SUICIDAL police officers are going out on emergency jobs because they are too busy to ask for help.
A number of officers surveyed during their shifts said they had considered taking their lives in the past three weeks but were still on the frontline, a senior police chief warned. Andy Rhodes, chief constable of Lancashire Police, said a survey of 18,000 officers found one in five were suffering post-traumatic stress disorder due to horrors they see on a daily basis.
Mr Rhodes, who heads the new National Police Wellbeing Service, said it was assessing 5,000 officers on top of the survey of 18,000.
He told the Police Superintendents’ Annual Conference in Stratford-upon-Avon last week: “We have found through psychological screening that we have got people scoring critical levels.
“We had people come in with critical levels of blood pressure just about to go to a job. Some have filled out that they have considered taking their own life in the past three weeks, but they filled it out themselves while they were on their way to a job.”
He said officers were reluctant to seek help from occupational health teams because they were too busy and due to a “hero culture” in the service.
The NPWS now has four wellbeing vans which are being sent out to major incidents to support officers through trauma, with six more on order.
Mr Rhodes said: “We have people in there who can refer them. You have got to take the coals to Newcastle, because people do not want to walk into your site through the organisation’s corridors to occupational heath yet.”
He said the average person faces an average of four major traumatic events in their life, but police officers could face hundreds each year.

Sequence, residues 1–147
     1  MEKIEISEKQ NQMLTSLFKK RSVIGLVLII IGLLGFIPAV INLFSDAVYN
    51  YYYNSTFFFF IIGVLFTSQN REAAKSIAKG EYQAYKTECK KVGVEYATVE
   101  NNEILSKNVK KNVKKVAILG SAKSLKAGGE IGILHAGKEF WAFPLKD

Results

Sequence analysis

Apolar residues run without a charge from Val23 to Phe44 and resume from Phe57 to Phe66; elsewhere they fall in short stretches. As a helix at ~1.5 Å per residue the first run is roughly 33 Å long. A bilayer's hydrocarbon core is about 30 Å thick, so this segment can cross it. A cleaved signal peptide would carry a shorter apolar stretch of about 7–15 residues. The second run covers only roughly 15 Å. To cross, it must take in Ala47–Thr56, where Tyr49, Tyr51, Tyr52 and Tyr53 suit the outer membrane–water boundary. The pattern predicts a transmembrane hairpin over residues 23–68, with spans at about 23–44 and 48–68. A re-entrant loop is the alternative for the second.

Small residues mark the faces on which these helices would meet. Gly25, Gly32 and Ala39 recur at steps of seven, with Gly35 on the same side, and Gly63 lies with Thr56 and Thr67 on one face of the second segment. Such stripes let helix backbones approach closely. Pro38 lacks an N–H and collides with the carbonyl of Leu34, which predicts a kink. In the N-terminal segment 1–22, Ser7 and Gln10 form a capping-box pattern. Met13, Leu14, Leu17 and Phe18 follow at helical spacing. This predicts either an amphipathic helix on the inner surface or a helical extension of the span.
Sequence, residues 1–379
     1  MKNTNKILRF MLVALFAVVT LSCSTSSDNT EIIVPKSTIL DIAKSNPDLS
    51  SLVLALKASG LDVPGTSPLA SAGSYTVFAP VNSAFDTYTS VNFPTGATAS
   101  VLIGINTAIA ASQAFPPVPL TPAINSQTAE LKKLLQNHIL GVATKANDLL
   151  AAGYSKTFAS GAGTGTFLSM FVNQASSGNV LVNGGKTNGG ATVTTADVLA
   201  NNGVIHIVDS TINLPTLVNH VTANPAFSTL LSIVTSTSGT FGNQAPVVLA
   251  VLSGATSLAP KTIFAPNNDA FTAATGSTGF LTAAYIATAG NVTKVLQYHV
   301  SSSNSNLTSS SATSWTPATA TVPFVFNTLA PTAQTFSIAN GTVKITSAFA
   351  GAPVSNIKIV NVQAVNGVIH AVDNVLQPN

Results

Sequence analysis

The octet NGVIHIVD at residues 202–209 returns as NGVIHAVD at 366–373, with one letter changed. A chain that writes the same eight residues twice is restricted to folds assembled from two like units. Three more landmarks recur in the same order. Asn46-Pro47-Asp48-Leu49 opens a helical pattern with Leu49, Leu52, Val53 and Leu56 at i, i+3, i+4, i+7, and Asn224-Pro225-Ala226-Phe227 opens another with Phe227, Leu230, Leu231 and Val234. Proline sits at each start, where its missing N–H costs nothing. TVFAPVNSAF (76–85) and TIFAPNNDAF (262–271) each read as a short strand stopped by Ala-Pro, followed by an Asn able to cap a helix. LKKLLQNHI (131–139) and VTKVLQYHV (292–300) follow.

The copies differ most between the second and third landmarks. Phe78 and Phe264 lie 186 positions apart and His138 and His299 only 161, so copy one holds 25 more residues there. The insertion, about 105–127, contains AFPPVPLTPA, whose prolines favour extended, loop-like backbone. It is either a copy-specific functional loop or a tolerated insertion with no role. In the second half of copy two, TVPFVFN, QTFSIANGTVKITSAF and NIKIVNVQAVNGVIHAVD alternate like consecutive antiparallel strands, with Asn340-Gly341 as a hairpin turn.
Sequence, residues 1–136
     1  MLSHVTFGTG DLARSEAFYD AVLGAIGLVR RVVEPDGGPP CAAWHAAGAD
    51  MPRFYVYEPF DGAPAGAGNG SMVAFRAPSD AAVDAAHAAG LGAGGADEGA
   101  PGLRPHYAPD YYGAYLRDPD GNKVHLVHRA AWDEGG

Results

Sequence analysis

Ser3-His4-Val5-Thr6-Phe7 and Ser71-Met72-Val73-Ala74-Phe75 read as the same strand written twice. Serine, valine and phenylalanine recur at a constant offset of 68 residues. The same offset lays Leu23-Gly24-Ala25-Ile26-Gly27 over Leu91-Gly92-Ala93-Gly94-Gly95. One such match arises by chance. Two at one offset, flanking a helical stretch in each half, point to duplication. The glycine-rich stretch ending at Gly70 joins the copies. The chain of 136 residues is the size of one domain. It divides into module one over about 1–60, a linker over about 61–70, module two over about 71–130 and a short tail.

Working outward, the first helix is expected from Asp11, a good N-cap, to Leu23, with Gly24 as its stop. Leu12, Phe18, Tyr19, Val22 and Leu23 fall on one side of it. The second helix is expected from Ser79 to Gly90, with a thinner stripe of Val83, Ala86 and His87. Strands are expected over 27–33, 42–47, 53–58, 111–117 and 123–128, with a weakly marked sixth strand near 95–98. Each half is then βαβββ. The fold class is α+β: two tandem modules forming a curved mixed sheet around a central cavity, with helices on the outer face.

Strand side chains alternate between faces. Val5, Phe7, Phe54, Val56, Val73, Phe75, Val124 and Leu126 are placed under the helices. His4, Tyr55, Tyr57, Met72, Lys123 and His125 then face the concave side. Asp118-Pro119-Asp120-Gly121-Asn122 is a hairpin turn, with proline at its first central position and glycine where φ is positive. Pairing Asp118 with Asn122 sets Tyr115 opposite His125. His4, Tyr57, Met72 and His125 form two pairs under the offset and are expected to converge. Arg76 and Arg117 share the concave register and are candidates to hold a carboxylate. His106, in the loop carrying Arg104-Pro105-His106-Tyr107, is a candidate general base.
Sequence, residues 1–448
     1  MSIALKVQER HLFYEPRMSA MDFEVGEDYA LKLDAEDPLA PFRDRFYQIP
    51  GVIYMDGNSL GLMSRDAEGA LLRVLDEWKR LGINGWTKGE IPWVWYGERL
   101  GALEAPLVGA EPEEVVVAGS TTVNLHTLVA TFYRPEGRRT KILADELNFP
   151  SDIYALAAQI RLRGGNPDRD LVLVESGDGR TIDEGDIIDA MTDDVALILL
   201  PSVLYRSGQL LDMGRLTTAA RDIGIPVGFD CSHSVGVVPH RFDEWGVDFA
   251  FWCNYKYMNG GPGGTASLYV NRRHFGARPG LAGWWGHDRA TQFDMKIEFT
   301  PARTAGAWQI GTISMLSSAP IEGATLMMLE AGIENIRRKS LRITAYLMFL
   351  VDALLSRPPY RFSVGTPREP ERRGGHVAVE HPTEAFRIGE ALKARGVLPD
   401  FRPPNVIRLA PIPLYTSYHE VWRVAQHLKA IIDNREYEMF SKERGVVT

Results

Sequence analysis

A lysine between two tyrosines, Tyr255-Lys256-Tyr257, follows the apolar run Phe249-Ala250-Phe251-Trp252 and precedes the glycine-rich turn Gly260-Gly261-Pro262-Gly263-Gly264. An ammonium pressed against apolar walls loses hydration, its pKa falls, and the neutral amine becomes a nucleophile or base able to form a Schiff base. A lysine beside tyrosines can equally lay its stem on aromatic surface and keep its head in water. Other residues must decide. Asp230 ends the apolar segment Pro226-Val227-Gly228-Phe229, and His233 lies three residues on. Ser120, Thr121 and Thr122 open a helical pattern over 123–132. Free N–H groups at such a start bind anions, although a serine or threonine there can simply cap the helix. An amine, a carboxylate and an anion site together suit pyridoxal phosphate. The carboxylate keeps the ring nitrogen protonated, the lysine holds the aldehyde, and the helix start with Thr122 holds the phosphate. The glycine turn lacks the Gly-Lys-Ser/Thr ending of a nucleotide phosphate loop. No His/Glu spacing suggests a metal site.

He added: “Our people experience excessive levels of trauma and we see that trip people into crisis over more minor things like debt or having their locker moved.
“The survey of 18,000 staff found up to 20 per cent of our police have got PTSD or complex PTSD, and that is huge. Working excessive hours, there is an element of that in the job from time to time, but if it happens consistently and becomes the accepted norm that is a problem.”
Recent high-profile attacks on officers, including the death of Andrew Harper who was dragged by a car when responding to a burglary last month, have led to calls from many for all police to be armed with Tasers.
Mr Rhodes said: “If our people are saying they will not put themselves in harm’s way unless you equip them with a Taser, then that is a debate we need to have as we still want them stopping three people in a car at 3am, don’t we?
“The NPWS has worked with organisations in Australia, Canada and the US to develop its programme.
“They are all fully armed and there is a very ‘Big Strong’ culture level there and self-harm and suicide are very high. We have spent a lot of time on a peer support model.”
There are signs the tide may be turning. At Lancashire Police, occupational health referrals for psychological issues have risen from 120 to around 600 a year.
Katy Bourne, chairwoman of the Association of Police and Crime Commissioners, told the conference that officer wellbeing had to be at the heart of any force’s strategy.
But she said a crisis in the whole criminal justice system needed to be fixed as thousands of hours of officer time were being wasted on cases that never make it to court.
She said: “Think of the criminal justice system as an established ecosystem, perhaps a bit like the Great Barrier Reef. From a distance it looks like this magnificent edifice that we hold dear and stands the test of time.
“But, as you look more closely, we see the infrastructure is tired and worn out.
“The creatures that depend on it do their best to carry on with less resources and less success, leaving the most vulnerable exposed.
“Put simply, there are far too few convictions at the end of the criminal justice process, which is affecting police decisions and resource allocations, undermining public confidence and embroiling criminals.
“If we just carry on as we are there will be diminishing results, leaving crime victims with justice delayed and denied.”